Wrong Bed, Right Brother
The poet Yates once wrote “Being Irish, he had an abiding sense of tragedy, which sustained him through temporary periods of joy.” Reading Wrong Bed, Right Brother is an experience filled with an abiding sense of bored patience, alleviated by the temporary periods of hot sex.
Amanda Perkins, video game designer (latest project “Brain Gobblers”), has been infatuated with her coworker Luke for years, even though it’s abundantly clear to the reader and everyone else that “he’s totally leading you [Amanda] on and basking in the ego trip”. During a weekend trip/house party, Amanda, spurred on by the prospect of Luke’s imminent cross-country move with his twin brother, Noah, sneaks into his room and finds out only when Noah’s hand is on her clitoris that he is, in fact, not Luke. Mutually shocked as they are, they get over it fast (it being their shock and Amanda’s prior interest in Luke), and soon are indulging in all manner of sexual activities.
One thing I really appreciated was that this book started with sex and stuck with the theme. Nothing is quite as unbelievable as when a book has a couple that ‘couples’ early and with enthusiasm, and then manages, through sheer will-power, to restrain themselves for an extended period. Really, how awesome could it have been if, without any moral/legal reasons why you can’t keep going, you can convince yourself to stop? Noah and Amanda bang promptly and very well (missionary isn’t ever their thing). The one thing that mars it is that even after they screw, Amanda thinks how “she didn’t even like Noah”, something he tells himself as well. Um, well, I’m pretty sure one part of her liked one “massive” part of him. It feels a little cold for a romance novel.
Tragically, everything else is just. . . average. There’s a sense in the non-sex sections that I was reading a slightly dressed-up synopsis. All the conversations, all the feelings, all the internal reflection, happen precisely as you’d expect. The Surprising Lunch That Reveals A New Intimacy. The Perfect Date. The Break-Up. The Sad Internal Pondering. There’s so much Telling instead of Showing. The ‘Perfect Date’ has twelve lines of dialogue from the moment they sit down to the moment they start discussing when they can bang – but, we’re told, this date “needed its own word, something that hadn’t been invented yet. . . . Nothing had ever felt like this.” The only thing I can vouch for as having witnessed is the good sex. A sense of humor could have done so much here, but the book doesn’t have one.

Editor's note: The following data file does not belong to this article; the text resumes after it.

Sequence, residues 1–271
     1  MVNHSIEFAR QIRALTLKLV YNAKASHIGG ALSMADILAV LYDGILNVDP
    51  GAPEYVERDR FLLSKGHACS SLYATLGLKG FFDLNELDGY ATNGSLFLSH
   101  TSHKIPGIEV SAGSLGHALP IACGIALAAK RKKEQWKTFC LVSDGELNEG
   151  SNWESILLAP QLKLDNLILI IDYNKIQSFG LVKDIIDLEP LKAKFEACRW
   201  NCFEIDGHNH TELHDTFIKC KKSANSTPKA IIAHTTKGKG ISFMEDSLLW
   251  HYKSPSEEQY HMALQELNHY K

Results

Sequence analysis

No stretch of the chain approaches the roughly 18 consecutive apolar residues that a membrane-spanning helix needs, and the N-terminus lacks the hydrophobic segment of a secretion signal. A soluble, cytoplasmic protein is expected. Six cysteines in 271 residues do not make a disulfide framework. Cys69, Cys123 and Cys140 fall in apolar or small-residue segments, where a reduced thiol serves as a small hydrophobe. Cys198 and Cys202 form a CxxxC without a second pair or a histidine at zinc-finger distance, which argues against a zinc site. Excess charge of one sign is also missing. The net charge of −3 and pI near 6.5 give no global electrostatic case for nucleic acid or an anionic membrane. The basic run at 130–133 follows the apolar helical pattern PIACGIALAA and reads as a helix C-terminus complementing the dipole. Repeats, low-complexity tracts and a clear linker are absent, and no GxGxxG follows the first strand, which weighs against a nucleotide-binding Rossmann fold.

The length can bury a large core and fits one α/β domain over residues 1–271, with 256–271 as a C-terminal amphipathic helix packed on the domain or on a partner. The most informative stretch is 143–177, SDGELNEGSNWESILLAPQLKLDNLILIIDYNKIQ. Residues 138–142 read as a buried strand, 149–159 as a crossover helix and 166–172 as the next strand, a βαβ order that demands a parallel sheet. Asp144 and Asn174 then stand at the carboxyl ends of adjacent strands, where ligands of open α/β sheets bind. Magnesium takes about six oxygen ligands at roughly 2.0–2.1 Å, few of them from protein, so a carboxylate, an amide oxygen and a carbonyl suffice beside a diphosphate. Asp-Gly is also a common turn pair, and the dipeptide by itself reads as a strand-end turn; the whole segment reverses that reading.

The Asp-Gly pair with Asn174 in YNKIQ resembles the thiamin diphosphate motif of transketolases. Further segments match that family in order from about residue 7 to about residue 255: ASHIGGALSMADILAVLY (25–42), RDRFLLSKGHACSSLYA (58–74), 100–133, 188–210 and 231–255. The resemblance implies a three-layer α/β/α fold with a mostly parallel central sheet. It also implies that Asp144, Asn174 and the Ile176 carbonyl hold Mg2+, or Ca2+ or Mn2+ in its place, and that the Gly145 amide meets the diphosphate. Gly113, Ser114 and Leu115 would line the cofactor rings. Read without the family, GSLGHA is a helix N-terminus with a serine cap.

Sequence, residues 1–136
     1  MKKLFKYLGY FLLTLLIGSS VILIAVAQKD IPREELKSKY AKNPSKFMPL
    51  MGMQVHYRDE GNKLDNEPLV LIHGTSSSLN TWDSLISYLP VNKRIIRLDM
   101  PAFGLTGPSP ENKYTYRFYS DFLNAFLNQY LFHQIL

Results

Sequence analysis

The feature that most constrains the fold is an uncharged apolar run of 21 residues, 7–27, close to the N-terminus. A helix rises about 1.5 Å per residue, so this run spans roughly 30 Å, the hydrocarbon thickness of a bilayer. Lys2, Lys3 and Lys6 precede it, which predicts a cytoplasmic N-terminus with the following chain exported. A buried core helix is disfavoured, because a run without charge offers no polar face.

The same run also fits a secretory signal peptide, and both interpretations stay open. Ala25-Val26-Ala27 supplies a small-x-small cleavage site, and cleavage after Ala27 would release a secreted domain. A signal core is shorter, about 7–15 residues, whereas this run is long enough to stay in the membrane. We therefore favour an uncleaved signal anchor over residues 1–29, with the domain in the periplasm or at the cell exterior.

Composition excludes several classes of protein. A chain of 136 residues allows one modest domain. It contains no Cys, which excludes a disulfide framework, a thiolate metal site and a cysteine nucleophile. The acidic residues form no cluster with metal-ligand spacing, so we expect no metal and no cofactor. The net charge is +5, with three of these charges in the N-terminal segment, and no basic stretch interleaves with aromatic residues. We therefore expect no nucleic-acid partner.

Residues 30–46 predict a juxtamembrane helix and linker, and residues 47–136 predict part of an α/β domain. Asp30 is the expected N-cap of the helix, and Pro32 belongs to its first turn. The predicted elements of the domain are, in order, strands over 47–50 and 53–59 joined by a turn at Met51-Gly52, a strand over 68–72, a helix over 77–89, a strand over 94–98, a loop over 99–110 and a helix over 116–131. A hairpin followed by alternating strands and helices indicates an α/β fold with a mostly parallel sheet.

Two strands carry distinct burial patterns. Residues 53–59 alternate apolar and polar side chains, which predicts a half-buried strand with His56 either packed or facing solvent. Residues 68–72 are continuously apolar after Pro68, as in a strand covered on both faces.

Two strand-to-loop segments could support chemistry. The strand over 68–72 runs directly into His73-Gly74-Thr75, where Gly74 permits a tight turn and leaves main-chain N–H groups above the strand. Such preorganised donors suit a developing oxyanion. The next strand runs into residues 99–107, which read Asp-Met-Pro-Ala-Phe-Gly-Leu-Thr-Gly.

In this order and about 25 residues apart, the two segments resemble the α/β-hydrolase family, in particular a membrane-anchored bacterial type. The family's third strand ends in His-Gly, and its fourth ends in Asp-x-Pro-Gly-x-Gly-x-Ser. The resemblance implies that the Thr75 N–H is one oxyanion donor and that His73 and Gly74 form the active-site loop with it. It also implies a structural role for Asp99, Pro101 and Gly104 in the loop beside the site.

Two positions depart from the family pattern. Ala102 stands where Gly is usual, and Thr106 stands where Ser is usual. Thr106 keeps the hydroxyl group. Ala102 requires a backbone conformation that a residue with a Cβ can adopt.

Amanda is an infuriating heroine. Some of her plotlines are just never developed – she has a dependent mother (we’re told) who has made her daughter fill in the caretaker role vacated by her ex-husband, but we never meet her, nor does Amanda ever tackle the question of whether she needs to take steps to change that dynamic. She also manages to achieve professional success despite having never appeared to earn it (literally, it’s impossible this woman works forty hours a week). She has a reputation for being “always late” to work, takes spontaneous time off (“If she needed to be at work today, she didn’t care”), takes breaks for oral and penetration at her worksite, never has a single interaction with a supervisor, and at the end of the book becomes DIRECTOR of the company. If you want your heroine to be successful and have no need to adhere to a traditional work schedule, please, make her a small-business owner or a trust-fund kid – anything that makes it logical that she can set her own hours without consequences. One of the best things about the book is that Amanda has sensible friends, who hold her accountable for her relationship issues – why they didn’t hold her accountable for her work ethic is unknown, though perhaps they decided to pick their battles.
Noah is The Good Twin. He’s also “a running coach”, which I was initially really skeptical about, but next to Amanda he looks like a professional of the highest caliber. He’s a decent dude, great lover. Which, perhaps, is really all one can hope for.
This book is case of wrong bed, right brother, dull plot, irritating girl. If you want to use some hot sex to prime yourself before an amorous interaction, a few select pages might be of use to you. Otherwise, I’d pass.
Buy it at: Amazon
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Part-time cowgirl, part-time city girl. Always working on converting all my friends into romance readers ("Charlotte, that was the raunchiest thing I have ever read!").
|Review Date:||June 21, 2020|
|Book Type:||Contemporary Romance|
|Review Tags:||Accidental Love series|
I give the opening paragraph of this review an A+. No desire to read the book!
Yikes, heroine sounds like an unfun mess and aside from sex what do she and the hero even have in common aside from assigned attributes?
Lisa, whatever are you asking? It’s not like the leads in a romance need to make sense or anything. Jeez–what high standards you have!
Well done on a) getting through the book and b) making me laugh afterwards at the abiding sense of bored patience, alleviated by the temporary periods of hot sex.
At least YOU have a sense of humour, even if the book doesn’t!
This was almost unreadable for me. I loathed Amanda and found Noah to be icky.